A Fist or a Heart
(Elín, ýmislegt, 2017)
The perspective in this slim novel is split between two women who are in very different stages of life: Elín, a reclusive woman in her seventies, whittles away her remaining years designing props for the theatre and body-parts for Scandi-noir TV shows. Through her work as a prop designer, she meets Ellen, a playwright barely out of her teens whose first play is headed for the stage.
Though the two have little actual contact, Elín is smitten with the girl, who is weighed down by the expectations and potential thrust upon her by the legacy of her father, an infamous enfant terrible of Icelandic literature. Perturbed by this new and unfamiliar mothering instinct, the older woman begins to spy on Ellen and her wreck of a mother, documenting their story because “no one else is going to do it”. In doing so, she starts to unravel the threads that interweave her own story with theirs, bringing up a past that she had happily consigned to oblivion. She knows that time is of the essence, as she can gradually feel her foothold in the world giving away.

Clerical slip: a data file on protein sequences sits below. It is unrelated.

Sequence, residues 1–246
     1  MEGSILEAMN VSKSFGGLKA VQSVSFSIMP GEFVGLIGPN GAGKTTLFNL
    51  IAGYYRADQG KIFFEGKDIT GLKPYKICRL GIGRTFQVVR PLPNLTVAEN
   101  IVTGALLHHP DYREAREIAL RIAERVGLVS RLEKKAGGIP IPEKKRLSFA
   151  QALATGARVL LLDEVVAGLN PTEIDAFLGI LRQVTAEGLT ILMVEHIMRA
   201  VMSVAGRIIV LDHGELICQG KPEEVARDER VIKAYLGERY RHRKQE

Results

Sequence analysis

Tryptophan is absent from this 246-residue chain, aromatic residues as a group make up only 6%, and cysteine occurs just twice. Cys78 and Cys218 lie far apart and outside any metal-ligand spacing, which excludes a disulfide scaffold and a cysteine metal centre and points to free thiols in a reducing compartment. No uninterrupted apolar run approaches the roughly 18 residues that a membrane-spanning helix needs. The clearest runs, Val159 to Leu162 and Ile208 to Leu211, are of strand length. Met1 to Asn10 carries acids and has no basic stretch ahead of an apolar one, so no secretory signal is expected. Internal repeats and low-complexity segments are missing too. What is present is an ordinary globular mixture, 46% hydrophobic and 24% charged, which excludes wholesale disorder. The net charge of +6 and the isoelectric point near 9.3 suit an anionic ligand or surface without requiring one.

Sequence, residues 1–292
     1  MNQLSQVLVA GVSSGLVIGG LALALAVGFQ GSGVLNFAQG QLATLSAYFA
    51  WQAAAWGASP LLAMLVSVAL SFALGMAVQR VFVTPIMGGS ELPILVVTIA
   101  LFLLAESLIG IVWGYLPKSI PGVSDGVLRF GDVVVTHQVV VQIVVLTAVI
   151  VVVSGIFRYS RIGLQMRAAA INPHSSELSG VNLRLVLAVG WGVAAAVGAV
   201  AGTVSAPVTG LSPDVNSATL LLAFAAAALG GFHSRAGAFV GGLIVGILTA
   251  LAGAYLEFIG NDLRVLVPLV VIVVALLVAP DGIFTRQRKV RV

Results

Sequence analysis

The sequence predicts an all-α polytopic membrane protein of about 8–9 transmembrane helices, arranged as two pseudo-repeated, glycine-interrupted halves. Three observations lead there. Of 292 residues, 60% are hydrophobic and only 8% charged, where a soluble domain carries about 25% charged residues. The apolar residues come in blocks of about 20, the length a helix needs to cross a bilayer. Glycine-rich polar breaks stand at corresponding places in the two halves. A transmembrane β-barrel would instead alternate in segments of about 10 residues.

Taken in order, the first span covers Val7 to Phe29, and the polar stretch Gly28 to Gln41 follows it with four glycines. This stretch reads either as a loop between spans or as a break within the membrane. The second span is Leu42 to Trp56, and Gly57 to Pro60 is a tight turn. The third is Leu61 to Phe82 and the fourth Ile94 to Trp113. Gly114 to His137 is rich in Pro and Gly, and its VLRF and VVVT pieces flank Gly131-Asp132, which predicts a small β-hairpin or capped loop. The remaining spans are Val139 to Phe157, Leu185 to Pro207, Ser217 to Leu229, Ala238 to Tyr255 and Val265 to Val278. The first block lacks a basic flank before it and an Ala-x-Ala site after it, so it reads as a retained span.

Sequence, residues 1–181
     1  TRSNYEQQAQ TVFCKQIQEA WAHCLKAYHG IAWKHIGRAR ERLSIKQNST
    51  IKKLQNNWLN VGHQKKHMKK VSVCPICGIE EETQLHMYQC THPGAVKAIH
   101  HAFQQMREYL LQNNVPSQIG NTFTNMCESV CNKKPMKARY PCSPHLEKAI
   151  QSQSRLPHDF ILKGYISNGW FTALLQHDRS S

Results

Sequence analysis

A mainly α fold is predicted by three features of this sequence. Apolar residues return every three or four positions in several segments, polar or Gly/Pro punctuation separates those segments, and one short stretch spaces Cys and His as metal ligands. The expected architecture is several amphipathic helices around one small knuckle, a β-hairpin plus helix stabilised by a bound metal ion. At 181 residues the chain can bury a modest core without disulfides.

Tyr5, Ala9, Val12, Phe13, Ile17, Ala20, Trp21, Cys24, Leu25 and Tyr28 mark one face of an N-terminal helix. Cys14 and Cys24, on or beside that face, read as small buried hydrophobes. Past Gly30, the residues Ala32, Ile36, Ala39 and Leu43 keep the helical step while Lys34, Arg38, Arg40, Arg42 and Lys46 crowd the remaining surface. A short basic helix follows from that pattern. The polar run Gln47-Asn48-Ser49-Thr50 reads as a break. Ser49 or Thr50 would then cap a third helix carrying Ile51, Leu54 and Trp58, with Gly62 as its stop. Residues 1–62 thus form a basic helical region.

This translation marks the first appearance of Kristín Eiríksdóttir’s work in English, the hitherto lack of which is in and of itself a great crime against the Anglophone reader. After its publication in 2019, the book’s translator, Larissa Kyzer, won the American-Scandinavian Foundation’s Translation Prize for her translation of Kristín’s original text.